I entered the swanky apartment with my tin of poison paint. Didn’t bother to take off my work boots as commanded by the yuppie condo owners. I opened the lid with my screwdriver. I always had a tool belt around the waist of my uniform. So fucking keen was I to please these bastards. To kowtow. Another incorrect word.

I let the can swing. Big swaths of paint landed on the white Persian rug and the off-white leather sofa. Then I turned my attention to the floor to ceiling windows. No book shelves in here of course. Why would there be? These people don’t read. They organize books by colour.

I painted one word in giant letters in blood red on the window: chaos. That’s what these people are most afraid of. I realized at that moment that chaos was exactly what I needed. As Dylan said, “Chaos is a friend of mine.” Not without irony, I suppose, but at that moment, I couldn’t tell irony from my asshole. I dropped the paint brush on the hardwood floor, upturned the paint, didn’t even look where the fuck it leaked to, and got my ass out of there.

In my apartment I changed my clothes from the stupid uniform the condo board made me wear into my old jeans and a Waves of Fear t-shirt. I fucking love that song. My heart’s nearly bursting. I got the hell out of there. Jumped into my jeep. Leaving the hookers, the condo wankers, the whole fucking polite society in my dust.

They probably called the cops. I figured all I could do was keep going. To ride with the angels. I started to see them everywhere. I’m not talking about a motorcycle gang. By now, you’ve decided I’m a nutter. Hey, people make their own choices. I’ll keep telling this story anyway because why the fuck not and besides, maybe it’ll reach somebody from way up here.  The old chick in the cardigan who drinks tea and wants to live vicariously. The office worker who gets stoned every day or can’t get out of bed to do his purposeless fucking job. The unemployed depressed guy curled up in a ball and just trying to get through the day. Maybe I’m not the only fucking weirdo in the universe. Even though that’s what it feels like. Felt like.

I didn’t have a destination. I ended up in the desert until I was escorted up to Heaven, more like frog-marched. I’m surprised St. Peter didn’t take one look at my list of sins and send me to Hell, but here I am, bored out of my fucking gourd but somehow still lucid enough to try to make sense of it all, to keep going. Not sure for how long.

In the desert, I made my daily bread by tinkering with whatever needed tinkering with. It wasn’t much but I helped people who actually needed what I could provide, not just covering their walls with yet another designer paint or hammering in fancy antique nails to make an old barn look authentic. I met my first angel this way.

It wasn’t long after my great escape from Humdrum City. I had to stop for gas in the middle of this dry gulch backwater, finally found a station, its Texaco letters fallen off so that it read X C. I kind of liked that. The desert is an ex-sea. Made sense to me at the time.

Buster, the old guy behind the counter put down his Penthouse magazine long enough to stop jerking off and took my money with his left hand. I guess his right was too crusty with jism. I gave him all the folded and ripped bills in my jeans’ pocket. He took one look at me and asked me if I needed some work. Wanted to know if I could repair toilets. Apparently the plumber was due to arrive any day now but any day had stretched out over months. Hell, I can repair anything. I’m good with my hands when I’m not shooting off my mouth and getting into trouble.  I had tools in my jeep, brought them out and dealt with the ghastly mess. I’m not afraid of crap.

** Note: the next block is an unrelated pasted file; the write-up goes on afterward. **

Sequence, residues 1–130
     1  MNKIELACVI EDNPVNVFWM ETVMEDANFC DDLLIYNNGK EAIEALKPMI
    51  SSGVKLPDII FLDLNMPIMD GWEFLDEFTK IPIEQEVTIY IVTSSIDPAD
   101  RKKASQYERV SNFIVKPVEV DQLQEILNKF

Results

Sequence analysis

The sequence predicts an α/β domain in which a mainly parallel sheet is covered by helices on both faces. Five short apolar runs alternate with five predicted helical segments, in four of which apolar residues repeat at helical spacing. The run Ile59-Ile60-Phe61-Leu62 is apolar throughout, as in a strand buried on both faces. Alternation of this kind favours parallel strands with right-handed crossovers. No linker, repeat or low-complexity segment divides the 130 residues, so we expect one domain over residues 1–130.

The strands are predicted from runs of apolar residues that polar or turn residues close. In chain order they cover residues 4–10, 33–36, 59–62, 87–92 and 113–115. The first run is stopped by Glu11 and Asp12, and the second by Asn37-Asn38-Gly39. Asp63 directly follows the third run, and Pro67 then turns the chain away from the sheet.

He let me stay in a dump on the property behind the station, just a one-room shack with a hotplate, but it suited me for the time being. I guess word got around that some jerk of all trades was hanging around like a bad stink, and I started to get jobs from one part of the desert to another.

Nights I’d stretch myself out on the sand beside a fire and watch the stars. I felt completely alone. I had no one but myself. I knew that. Most times it didn’t bother me, but this one night, I couldn’t help it. I felt so fucking alone. I cried until I had no more tears left. My body sore from shaking.

That’s when I felt her. A presence. Something good. An angel. I knew it right away. Her hand on my shoulder. I was no longer alone. I didn’t see anyone there, just felt that hand on my rickety bones, first touch I’d had since the hookers’ mouths on my cock, but that was more like business. This was personal, loving and understanding. My aches went away. My fears, which had weighed me down so low, I was almost ready to off myself, just so I could stop the pain, disappeared. For the first time in memory, I felt light. Light in body and light all around me. Everything took on a glow. I went back into my shack and slept better than I’ve ever slept.

I named her, it’s probably blasphemy to name angels yourself, but that’s what I did. Called her Lucy, which means light in Latin. After the saint, after Paris, the city of light, but also because her touch lifted me up, took away my burdens.

I pulled out my Bible. “The light shines in the darkness…” I had been in the dark, wallowing in it, letting it take me over, now all I wanted to do was embrace the light. Out there in the desert the light is beyond anything you’ve ever seen, otherworldly, think of a burst of electric guitar breaking the silence. Slicing through the nothingness. Noisy, obnoxious. A blood orange in the dirt. So thirsty, you’ll drink it up anyway. Wash off the filth maybe.